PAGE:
The debate about human-induced climate change may still be raging in certain sections of the media, but here we start from a position of acceptance: acceptance that increased greenhouse gas (GHG) concentrations in the atmosphere are leading to increased global temperatures, and that human activities are playing an ever-growing role in this increase.

To briefly set the scene, let us look at the evidence for human influence on global climate. The 'greenhouse effect' is essentially the trapping of infrared radiation from the earth's surface by 'greenhouse gases' (though greenhouses warm up primarily through the glass keeping heat in, rather than through GHGs trapping the heat). We actually need GHGs in our atmosphere; without them the average temperature on earth would be around -18°C. Unfortunately, in the last 200 years or so the activities of humans have pumped a lot of extra GHG into the atmosphere and this has led to an 'enhanced greenhouse effect' and thereby to the extra global warming we are now experiencing.

By increasing the atmosphere's ability to absorb infrared energy, our greenhouse emissions are disturbing the way the climate maintains the balance between incoming and outgoing energy. A doubling of the concentration of GHGs (predicted in the next 100 years) would, if nothing else changed, reduce the rate at which the planet can shed energy into space by about 2%. The climate will somehow have to adjust - by heating up - and while 2% does not seem much, across the entire earth it is equivalent to trapping the energy content of about 3 million tonnes of oil every 10 min.

Long-term data-sets for global temperature indicate a clear and consistent increase in global temperatures, particularly since the industrial revolution. Much of the argument surrounding climate change hinges not on whether global warming is occurring, but rather whether this warming is a result of human activity. Natural drivers of global climate, such as solar and volcanic activity, have been invoked by some to explain the accelerated rate of global warming observed in recent decades. However, such natural drivers of global temperatures cannot explain the warming that has occurred since 1840. The prime culprit for the observed increase: elevated GHG concentrations.

As concentrations of the main GHGs have risen in our atmosphere, global temperatures have also increased. A rapid increase in atmospheric concentrations of the three main anthropogenic (human-made) GHGs - carbon dioxide (CO2), methane (CH4) and nitrous oxide (N2O) - is clear from measurements over the past few decades. Ice-core records for these gases show that their concentrations in the atmosphere are now higher than at any time in the last 650,000 years, and probably even in the last 20 million years.










Carbon dioxide

1750 1500 1250 1000 750

310 290 270

ra a

Nitrous oxide


Nitrous oxide i



1400 1600 Year



ra a




Fig. P.1. Global atmospheric concentrations of three well-mixed greenhouse gases. (From the Intergovernmental Panel on Climate Change (IPCC). Reproduced with permission.)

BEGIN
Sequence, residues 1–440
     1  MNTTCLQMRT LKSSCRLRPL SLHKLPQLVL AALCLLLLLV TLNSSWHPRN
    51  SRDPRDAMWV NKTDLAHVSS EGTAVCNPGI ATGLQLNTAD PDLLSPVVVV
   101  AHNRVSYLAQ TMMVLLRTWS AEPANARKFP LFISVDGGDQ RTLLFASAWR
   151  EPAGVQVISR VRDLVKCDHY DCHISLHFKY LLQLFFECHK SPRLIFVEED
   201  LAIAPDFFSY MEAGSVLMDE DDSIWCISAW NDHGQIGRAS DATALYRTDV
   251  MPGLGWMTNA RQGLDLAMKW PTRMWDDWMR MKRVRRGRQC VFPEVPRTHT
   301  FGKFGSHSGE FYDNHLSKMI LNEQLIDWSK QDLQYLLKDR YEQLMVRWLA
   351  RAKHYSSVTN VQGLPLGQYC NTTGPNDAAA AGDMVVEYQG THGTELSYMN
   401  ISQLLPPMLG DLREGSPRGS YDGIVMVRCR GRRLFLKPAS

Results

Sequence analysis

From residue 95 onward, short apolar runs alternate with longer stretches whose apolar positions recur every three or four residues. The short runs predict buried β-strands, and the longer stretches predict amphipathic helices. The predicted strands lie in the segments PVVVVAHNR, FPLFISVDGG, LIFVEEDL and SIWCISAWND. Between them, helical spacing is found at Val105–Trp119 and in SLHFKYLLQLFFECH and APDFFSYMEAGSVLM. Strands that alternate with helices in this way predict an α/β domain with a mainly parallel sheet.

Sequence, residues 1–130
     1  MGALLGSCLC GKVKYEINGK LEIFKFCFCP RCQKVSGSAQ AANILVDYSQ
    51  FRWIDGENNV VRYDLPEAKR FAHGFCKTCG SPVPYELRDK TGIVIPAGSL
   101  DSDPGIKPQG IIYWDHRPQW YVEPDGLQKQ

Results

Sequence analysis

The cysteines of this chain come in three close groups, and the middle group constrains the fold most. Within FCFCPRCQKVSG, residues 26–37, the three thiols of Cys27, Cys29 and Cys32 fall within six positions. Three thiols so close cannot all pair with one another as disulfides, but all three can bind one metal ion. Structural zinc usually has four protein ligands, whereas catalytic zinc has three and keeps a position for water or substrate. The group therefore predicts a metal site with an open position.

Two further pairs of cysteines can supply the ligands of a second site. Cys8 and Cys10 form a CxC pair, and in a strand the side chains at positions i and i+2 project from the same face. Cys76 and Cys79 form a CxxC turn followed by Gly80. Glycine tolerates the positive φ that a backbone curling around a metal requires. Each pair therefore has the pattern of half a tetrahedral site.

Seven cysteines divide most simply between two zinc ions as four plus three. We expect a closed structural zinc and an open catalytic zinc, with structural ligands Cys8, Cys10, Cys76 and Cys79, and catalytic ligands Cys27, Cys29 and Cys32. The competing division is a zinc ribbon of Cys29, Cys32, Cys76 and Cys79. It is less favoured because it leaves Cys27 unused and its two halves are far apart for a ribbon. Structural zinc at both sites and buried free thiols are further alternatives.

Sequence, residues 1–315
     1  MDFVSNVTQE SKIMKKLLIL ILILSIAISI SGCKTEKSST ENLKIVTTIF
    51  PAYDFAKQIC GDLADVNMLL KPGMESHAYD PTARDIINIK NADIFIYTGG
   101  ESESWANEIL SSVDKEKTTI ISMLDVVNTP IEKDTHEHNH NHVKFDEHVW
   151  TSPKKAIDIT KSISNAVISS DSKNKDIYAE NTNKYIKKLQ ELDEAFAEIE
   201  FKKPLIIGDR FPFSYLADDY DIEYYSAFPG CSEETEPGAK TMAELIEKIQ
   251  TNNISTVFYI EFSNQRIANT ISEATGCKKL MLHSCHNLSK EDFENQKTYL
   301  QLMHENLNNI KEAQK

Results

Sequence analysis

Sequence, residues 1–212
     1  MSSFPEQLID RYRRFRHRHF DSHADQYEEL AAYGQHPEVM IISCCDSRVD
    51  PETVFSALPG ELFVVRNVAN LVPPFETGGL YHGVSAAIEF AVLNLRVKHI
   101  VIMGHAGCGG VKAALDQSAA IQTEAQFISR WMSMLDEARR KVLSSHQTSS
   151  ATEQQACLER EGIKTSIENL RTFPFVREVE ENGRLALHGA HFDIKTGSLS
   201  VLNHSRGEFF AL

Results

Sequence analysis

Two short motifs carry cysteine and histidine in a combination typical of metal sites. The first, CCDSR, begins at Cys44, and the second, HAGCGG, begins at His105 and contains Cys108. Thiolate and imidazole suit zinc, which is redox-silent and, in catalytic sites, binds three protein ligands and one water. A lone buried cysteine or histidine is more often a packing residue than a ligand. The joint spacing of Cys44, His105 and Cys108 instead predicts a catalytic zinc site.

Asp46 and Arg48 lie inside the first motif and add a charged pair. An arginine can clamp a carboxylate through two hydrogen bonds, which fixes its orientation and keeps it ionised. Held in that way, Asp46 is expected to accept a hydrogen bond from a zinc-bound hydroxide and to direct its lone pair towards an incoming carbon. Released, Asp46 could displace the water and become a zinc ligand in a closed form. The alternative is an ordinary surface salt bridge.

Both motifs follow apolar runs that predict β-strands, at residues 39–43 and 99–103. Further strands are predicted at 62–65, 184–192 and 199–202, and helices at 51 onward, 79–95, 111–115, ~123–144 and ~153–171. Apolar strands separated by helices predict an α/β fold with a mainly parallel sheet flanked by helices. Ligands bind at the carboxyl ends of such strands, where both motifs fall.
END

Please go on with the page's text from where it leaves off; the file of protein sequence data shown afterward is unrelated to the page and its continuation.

Since around the time of the industrial revolution, levels of CO2, CH4 and N2O have all risen dramatically. Fossil fuel combustion, increasingly intensive agriculture and an expanding global human population have been the primary causes for this rapid increase.

Sulphate aerosols, though not GHGs, are none the less very important to global climate. Sulphate in our atmosphere has a net cooling effect and therefore reduces the warming effect of the GHGs to a certain extent. The same increases in fossil fuel burning that have led to elevated GHG concentrations in the last 200 years have also led to an increase in sulphate emissions. Cleaner fuel technologies are now leading towards a reduction in sulphate emissions and their incidental cooling effect (commonly known as global dimming) on our climate. If GHG emissions continue to increase, their overall warming effect may become even greater.

The complex interaction of positive and negative influences (the feedbacks) on global climate, together with the uncertainty over how anthropogenic GHG emissions will change in coming decades makes predicting future warming difficult. The problem is exacerbated by our poor level of understanding of exactly how some key factors, such as albedo (the reflectance of the earth's surface) and cloud formation, operate and interact with a changing climate. What we do know is that increases in concentrations of GHGs in our atmosphere risk rapid increases in global temperature. This in turn is likely to lead to rapid changes in climate and sea level that may threaten civilization itself. Indeed, the publication of the Stern Report in 2006 highlighted the grave economic consequences of our failing to tackle human-induced global warming immediately.

It is against this backdrop that Greenhouse Gas Sinks has been written. This book brings together chapters written by leading scientists from across Europe, the USA, Canada and Australia. It represents an expert synthesis of GHG sink science and how this applies to the past, current and future changes in climate. The 'sinks' discussed here are the planet's storage areas, where GHGs are locked away from the atmosphere and thus prevented from contributing to global warming.

As will become apparent, the sinks for CO2, CH4 and N2O play a vital role in determining the concentrations of these GHGs in our atmosphere, but all are vulnerable to human activities.

The aim of this book is to provide readers with in-depth, authoritative information on these sinks. We will explore how the sinks may respond to increased GHG emissions and global temperatures, and whether we can protect and even enhance them to help mitigate climate change. These are urgent questions that must be answered as we face this greatest of challenges to humankind in the 21st century.

Was this article helpful?

0 0

Post a comment